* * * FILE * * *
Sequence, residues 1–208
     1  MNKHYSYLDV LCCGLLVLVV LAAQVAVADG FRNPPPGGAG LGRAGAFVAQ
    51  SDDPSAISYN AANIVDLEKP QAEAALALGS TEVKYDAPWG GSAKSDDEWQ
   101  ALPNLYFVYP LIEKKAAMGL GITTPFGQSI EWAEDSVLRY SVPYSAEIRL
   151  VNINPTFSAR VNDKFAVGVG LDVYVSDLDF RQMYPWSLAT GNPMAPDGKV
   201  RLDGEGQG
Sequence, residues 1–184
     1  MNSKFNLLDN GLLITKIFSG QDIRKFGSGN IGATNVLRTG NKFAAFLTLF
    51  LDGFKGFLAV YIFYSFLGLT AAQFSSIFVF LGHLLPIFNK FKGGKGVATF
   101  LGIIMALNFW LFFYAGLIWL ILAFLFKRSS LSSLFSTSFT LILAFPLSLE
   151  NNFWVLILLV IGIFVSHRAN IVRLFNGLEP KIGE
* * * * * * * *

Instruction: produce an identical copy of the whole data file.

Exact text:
Sequence, residues 1–208
     1  MNKHYSYLDV LCCGLLVLVV LAAQVAVADG FRNPPPGGAG LGRAGAFVAQ
    51  SDDPSAISYN AANIVDLEKP QAEAALALGS TEVKYDAPWG GSAKSDDEWQ
   101  ALPNLYFVYP LIEKKAAMGL GITTPFGQSI EWAEDSVLRY SVPYSAEIRL
   151  VNINPTFSAR VNDKFAVGVG LDVYVSDLDF RQMYPWSLAT GNPMAPDGKV
   201  RLDGEGQG
Sequence, residues 1–184
     1  MNSKFNLLDN GLLITKIFSG QDIRKFGSGN IGATNVLRTG NKFAAFLTLF
    51  LDGFKGFLAV YIFYSFLGLT AAQFSSIFVF LGHLLPIFNK FKGGKGVATF
   101  LGIIMALNFW LFFYAGLIWL ILAFLFKRSS LSSLFSTSFT LILAFPLSLE
   151  NNFWVLILLV IGIFVSHRAN IVRLFNGLEP KIGE